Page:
YUMA, Ariz. – U.S. Navy Veteran Barry Eilers was living out of his car after losing his job and wife. For years no housing facility would take him in. “There was no place else for me to go unless I was willing to give up these dogs…and they’ve been with me since 2000. It’s all I got out of the divorce,” said Eilers.
The U.S. Department of Housing and Urban Development says 50,000 veterans are homeless on any given night. But heere in Yuma, an organization aims to change that. Right Turn for Yuma Veterans took Eilers and his two pups in…along with five other veterans in need.
The transitional home opened last summer on South Third Avenue. Veterans living here are able to use the resource for up to two years to get back on their feet. Director Judy Smith says, “They are really self-sufficient I think that the most important thing is for them to know that they still have those skills. And they’re proud of that. And we’re proud of that too because I couldn’t have dreamed that I could put these six men together and know that they all take care of each other the way they do.”
They cook, clean and manage the household as a team. The goal is for the men to become financially independent and socially engaged within the community. The veterans volunteer, job search and some attend church. This helps them to integrate back into society and develop a positive lifestyle.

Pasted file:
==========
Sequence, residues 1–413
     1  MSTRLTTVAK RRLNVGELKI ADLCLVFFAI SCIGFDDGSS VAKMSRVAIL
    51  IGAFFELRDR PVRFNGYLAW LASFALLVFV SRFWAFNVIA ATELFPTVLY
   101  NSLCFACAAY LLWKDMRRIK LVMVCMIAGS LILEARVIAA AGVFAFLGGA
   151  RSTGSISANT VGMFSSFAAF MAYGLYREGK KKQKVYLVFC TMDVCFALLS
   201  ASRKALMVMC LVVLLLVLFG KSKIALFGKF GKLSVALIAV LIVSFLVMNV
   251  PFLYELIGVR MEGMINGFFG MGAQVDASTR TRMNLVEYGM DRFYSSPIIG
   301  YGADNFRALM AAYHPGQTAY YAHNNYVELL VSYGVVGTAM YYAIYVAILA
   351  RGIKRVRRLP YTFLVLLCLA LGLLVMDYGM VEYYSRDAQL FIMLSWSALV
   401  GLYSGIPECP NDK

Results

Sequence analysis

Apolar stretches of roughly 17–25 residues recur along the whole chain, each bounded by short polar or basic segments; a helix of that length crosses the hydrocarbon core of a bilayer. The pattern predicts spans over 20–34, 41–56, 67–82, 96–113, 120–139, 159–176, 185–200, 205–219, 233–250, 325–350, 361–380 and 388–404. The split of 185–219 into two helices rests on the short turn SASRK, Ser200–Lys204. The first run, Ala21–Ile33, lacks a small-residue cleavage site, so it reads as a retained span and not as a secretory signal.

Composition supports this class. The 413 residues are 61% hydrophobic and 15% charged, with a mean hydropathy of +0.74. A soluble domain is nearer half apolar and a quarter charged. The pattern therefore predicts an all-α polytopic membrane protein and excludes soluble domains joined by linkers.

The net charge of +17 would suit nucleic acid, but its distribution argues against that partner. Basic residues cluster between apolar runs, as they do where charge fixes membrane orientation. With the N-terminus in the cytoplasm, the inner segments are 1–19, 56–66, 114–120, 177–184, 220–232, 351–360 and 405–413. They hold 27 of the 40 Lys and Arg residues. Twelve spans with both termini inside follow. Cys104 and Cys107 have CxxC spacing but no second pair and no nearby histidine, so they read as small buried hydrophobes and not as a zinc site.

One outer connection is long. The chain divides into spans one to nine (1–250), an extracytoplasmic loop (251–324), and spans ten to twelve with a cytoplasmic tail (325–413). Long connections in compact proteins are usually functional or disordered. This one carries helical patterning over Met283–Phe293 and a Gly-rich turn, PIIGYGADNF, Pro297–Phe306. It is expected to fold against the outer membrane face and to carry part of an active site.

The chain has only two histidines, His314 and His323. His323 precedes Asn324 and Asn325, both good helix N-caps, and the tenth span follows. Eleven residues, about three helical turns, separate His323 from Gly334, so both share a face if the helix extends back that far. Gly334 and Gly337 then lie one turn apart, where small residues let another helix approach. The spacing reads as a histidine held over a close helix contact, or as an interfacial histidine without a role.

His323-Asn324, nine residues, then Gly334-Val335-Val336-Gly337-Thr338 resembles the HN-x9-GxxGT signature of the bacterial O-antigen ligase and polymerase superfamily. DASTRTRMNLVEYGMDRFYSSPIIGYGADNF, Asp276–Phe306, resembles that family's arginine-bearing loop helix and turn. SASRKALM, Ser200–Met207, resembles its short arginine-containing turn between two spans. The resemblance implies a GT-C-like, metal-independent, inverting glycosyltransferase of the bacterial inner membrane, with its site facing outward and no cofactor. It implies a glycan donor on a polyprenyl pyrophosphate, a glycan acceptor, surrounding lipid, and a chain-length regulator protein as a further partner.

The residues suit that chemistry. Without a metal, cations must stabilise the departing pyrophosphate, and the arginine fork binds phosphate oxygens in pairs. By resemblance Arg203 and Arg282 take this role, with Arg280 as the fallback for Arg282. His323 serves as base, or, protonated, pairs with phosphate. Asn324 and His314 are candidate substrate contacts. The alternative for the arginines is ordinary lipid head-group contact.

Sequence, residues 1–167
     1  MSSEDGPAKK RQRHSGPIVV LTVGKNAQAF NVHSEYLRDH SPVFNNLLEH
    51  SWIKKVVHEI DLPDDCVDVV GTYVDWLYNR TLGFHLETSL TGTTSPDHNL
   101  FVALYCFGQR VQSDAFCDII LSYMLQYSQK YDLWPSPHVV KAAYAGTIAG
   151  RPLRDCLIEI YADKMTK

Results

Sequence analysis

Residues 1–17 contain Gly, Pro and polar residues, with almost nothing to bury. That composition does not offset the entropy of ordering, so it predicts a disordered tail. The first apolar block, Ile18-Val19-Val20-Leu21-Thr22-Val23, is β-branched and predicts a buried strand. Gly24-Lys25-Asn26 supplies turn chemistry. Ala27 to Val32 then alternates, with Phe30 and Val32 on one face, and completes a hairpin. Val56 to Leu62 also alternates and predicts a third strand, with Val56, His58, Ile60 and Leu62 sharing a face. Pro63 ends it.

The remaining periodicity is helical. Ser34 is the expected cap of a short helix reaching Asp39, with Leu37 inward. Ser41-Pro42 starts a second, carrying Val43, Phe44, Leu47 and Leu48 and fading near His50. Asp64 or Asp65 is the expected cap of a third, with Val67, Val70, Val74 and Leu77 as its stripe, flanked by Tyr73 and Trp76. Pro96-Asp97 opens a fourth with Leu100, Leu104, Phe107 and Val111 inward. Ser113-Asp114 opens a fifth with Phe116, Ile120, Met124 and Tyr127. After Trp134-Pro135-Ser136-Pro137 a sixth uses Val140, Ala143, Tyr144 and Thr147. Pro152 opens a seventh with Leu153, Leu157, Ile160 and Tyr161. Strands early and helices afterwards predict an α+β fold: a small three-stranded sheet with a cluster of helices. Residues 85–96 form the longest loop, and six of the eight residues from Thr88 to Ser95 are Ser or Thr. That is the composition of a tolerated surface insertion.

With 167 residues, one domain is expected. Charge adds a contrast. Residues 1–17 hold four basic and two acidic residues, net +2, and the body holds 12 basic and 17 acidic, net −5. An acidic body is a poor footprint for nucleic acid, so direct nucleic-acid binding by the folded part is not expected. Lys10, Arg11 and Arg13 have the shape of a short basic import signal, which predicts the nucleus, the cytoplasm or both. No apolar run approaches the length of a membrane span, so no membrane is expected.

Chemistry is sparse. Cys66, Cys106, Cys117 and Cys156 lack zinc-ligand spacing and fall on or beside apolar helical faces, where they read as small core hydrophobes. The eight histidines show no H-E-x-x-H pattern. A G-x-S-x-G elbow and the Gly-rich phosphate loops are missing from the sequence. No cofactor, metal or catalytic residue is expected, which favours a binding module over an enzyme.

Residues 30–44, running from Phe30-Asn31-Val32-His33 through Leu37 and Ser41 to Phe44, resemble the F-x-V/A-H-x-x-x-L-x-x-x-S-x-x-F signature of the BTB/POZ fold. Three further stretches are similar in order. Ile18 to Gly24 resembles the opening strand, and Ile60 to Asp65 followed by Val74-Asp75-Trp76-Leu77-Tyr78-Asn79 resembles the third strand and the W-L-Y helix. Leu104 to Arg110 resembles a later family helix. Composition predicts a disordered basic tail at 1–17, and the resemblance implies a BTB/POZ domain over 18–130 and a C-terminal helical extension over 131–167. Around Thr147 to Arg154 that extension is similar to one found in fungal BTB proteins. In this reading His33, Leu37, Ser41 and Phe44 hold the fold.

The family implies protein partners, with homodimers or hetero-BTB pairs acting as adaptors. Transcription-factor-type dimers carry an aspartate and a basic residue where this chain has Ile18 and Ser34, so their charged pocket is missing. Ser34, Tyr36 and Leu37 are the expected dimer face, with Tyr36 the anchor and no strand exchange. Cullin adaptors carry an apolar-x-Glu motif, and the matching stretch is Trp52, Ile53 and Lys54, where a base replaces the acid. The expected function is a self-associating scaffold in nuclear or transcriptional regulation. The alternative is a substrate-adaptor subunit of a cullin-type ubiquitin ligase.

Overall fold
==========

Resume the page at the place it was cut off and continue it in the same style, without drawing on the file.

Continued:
U.S. Army Reserve Veteran Frank Abdullah said, “Having a roof over your head…a whole new paradise here, I never forgot or gave up on order. When I first came in here and I loved the way the kitchen looked. Everything was clean.”
The few veterans who were admitted into the program say they are very much grateful for the help.
“And if anyone can make a difference that’s good that’s what we need. We have a lot of people that did a lot for the country, gave all or were willing to give all and we definitely don’t need to have those guys forgotten.”